I recognise that there are other factors, but Brexit is a significant contributory factor. Of all the factors that we face just now, Brexit was the result of a clear political choice by a Government in these islands. The Office for Budget Responsibility has forecast that UK gross domestic product will be cut by 4 per cent as a result of Brexit, and the Financial Times reported £100 billion of lost output and £40 billion less revenue for the Treasury each year.

Brexit is fuelling inflation and is making Scotland and the rest of the UK poorer. As a consequence of Brexit, the UK is facing a worse cost of living crisis than it would otherwise be facing, which is partly due to the loss of free trade. Analysis in April by researchers at the London School of Economics and Political Science showed that post-Brexit trade barriers resulted in a 6 per cent increase in food prices in the UK.

Edward Mountain

As a food producer, I know that the majority of costs are actually down to the cost of fuel, which underpins all costs of production. They are not down to Brexit. Will the minister accept that fuel prices drive food prices? If that is the case, everyone will be affected, and I suspect that others across Europe will be catching up shortly.

Tom Arthur

I have not said in my remarks that Brexit is the sole cause of the situation that we face. I acknowledge that it is not, and I recognise that inflation across the economy will ultimately be a reflection of energy-price inflation—that is just a reality and an economic fact that we can all accept. However, my point—which is based on independent statistics—is that Brexit has been a contributory factor.

A report by the Resolution Foundation in June found that even before the UK left the EU, currency depreciation that was linked to Brexit increased the cost of living in the UK by £870 per year for the average household.

The trade barriers that we now have are causing real harm. The OBR now expects trade volumes to decline over the medium term, with them falling to 8.3 per cent below current levels in the final quarter of next year. The food and drink sector in Scotland has borne the brunt of the hard Brexit that has been imposed by Westminster on Scotland. Compared with the same period in 2019, in the first half of 2022, exports of key food products to the EU have fallen—by 52 per cent for fruit and vegetables, and by 25 per cent for dairy and eggs. Scottish businesses have seen record increases in input prices in 2022, and they cite Brexit as a factor, according to statistics from S&P Global. That has, as of July, fed through to the 21st monthly rise in the prices that are charged by businesses.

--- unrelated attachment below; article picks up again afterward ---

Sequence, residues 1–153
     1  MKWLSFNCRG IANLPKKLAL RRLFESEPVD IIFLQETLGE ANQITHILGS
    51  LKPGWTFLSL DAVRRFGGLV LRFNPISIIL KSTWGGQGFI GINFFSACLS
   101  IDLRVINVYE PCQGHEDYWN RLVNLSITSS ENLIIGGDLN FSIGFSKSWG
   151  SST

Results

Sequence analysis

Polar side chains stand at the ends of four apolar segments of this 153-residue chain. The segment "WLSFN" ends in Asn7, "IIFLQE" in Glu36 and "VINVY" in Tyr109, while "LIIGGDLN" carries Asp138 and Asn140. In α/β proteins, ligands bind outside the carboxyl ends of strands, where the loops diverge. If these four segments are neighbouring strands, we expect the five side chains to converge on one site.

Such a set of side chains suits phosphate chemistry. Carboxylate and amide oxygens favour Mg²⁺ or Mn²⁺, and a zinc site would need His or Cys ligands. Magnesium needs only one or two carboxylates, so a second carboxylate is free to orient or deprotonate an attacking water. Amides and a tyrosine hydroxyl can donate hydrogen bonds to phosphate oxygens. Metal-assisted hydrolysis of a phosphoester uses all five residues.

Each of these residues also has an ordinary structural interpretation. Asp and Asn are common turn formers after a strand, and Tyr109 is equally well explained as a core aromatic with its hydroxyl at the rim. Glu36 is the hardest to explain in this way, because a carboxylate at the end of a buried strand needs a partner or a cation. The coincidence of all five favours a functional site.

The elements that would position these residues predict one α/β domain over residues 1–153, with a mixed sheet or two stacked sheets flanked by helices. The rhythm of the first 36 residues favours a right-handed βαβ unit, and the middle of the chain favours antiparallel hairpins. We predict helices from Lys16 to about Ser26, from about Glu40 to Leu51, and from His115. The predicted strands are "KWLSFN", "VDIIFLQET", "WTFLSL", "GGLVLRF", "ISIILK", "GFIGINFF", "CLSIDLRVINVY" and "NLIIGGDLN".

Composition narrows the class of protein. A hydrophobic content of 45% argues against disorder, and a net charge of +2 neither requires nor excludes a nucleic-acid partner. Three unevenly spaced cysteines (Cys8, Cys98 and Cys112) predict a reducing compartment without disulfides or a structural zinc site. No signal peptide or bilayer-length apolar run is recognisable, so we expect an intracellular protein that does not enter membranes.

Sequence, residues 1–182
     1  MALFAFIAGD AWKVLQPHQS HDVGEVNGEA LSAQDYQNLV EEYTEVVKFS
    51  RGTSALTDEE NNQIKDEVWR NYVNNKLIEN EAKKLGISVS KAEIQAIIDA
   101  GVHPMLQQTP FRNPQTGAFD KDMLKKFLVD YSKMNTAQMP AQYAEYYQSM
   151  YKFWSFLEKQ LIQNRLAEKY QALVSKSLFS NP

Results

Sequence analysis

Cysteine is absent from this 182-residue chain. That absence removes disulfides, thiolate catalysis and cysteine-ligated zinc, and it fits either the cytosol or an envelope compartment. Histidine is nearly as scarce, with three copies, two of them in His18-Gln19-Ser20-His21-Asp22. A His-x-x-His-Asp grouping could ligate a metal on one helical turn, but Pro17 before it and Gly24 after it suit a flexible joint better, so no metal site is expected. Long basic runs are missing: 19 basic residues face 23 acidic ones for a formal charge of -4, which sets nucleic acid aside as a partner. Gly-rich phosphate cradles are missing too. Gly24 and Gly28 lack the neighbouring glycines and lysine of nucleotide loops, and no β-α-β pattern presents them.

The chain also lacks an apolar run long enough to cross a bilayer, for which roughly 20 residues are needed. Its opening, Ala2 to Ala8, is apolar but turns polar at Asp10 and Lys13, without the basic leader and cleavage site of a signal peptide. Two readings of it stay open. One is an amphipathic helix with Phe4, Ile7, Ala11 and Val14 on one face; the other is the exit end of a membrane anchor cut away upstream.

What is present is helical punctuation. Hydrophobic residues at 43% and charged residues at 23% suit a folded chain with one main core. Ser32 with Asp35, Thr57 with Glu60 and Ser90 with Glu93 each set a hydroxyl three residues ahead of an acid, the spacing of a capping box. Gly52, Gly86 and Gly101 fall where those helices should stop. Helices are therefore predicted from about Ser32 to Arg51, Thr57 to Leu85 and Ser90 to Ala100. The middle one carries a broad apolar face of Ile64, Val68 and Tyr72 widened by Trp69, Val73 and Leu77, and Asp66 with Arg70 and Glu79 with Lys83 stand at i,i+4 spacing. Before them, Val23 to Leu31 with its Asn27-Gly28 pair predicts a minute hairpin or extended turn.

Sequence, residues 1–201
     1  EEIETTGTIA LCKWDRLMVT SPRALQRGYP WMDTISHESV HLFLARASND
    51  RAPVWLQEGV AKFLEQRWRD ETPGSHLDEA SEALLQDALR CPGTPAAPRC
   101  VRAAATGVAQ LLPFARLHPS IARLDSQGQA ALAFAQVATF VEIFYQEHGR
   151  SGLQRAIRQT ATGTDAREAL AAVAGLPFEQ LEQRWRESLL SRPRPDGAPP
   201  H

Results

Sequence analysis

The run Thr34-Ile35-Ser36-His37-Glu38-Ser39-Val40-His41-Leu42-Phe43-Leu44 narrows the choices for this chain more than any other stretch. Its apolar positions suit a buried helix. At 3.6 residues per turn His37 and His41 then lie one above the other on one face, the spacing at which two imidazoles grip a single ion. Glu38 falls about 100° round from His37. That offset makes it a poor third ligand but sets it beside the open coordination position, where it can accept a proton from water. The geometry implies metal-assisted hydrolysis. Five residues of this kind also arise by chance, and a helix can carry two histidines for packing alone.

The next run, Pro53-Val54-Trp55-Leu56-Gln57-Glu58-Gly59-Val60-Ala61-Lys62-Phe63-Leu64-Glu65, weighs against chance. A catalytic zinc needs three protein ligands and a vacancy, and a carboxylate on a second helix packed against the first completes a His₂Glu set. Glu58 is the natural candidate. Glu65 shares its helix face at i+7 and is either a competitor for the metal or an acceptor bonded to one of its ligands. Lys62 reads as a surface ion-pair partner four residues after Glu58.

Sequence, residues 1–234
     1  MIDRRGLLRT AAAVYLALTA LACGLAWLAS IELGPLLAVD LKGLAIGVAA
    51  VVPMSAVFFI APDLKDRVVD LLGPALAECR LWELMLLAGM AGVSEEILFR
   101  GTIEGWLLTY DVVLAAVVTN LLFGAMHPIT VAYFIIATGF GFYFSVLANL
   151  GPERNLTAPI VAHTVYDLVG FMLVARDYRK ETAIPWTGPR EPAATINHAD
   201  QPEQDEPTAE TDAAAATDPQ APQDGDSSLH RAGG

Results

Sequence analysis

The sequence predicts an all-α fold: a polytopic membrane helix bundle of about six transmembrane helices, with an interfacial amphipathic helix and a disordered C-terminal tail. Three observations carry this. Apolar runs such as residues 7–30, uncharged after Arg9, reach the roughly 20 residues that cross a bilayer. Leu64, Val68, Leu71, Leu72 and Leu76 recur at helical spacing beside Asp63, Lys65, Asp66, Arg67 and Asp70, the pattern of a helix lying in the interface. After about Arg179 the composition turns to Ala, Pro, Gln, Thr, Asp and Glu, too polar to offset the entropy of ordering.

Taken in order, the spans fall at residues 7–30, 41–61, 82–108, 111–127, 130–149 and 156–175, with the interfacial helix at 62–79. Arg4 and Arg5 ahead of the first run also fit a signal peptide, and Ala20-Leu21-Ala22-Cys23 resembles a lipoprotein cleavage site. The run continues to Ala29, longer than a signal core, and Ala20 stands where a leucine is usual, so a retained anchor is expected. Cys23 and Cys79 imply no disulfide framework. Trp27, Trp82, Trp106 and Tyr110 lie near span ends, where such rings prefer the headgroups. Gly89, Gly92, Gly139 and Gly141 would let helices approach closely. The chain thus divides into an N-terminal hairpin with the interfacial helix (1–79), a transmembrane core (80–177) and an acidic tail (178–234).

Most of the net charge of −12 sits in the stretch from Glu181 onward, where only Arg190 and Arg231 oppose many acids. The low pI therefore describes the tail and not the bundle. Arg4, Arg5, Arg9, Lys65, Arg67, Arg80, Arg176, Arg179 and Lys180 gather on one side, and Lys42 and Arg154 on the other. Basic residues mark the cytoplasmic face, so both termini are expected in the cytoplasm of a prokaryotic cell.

Brexit has ended free trade and free movement, which is hurting key Scottish industries and contributing to and creating labour shortages. It is expensive and time consuming for employers to recruit from overseas and for people who want to come to Scotland to live and work.

Food processing and manufacturing, hospitality and agriculture are especially affected, which harms rural Scotland in particular. As at July 2022, a range of key economic sectors in Scotland were experiencing worker shortages, including shortages of 43.4 per cent in construction and 43.8 per cent in accommodation and food.

However, that economic harm is also a social harm. We are poorer as a result of Brexit and we risk missing out on the cultural benefits of having more people of working age from a range of backgrounds contributing to our common weal.

We are doing everything that we can within our limited powers to support people and businesses. By the end of March next year, we will have invested about £3 billion in a range of measures to support households. That includes support with energy bills, childcare, health and travel, as well as social security payments that are either not available elsewhere in the UK, or are more generous than those elsewhere in the UK.

For businesses, we have an existing package of non-domestic rates relief that is worth more than £800 million, and includes the UK’s most generous small business bonus scheme. We are doing all that with one hand—although sometimes it feels like both hands—tied behind our back.

Inflation is eating away at the Scottish budget, which has already fallen by 10 per cent in real terms from last year to this. Because of the lack of additional funding in 2022-23 and the financial restrictions of devolution, we have had no choice but to make savings of more than £1 billion. The announcements in last week’s UK autumn statement do very little to address the damage that that has done to the Scottish budget.

I recognise that we face a series of global challenges, and that the situation in which we find ourselves today does not lend itself to easy solutions. However, Brexit can be cited as a contributory factor in many of the issues that we face. Ultimately, Brexit was a political choice. I dispute any argument that Brexit has democratic legitimacy in Scotland: Scotland comprehensively rejected Brexit in 2016, and in every election to this Parliament and to Westminster since then, parties that are opposed to Brexit have been overwhelmingly returned.

There could have been another reality; the hard Brexit that has been inflicted on us was not a necessity. There was a moment—in June, July and August of 2016—when the UK Government could have listened to, engaged with and heeded the warnings of this Government, this Parliament and many other stakeholders, and could have sought to pursue an arrangement with the European Union that would minimise damage. However, rather than focusing on what was best for the United Kingdom, the UK Government focused on what it thought was best for the Conservative Party. Unfortunately, as a consequence of that, we are all paying the price today.

Thank you, minister. That concludes the debate.

Meeting closed at 17:46.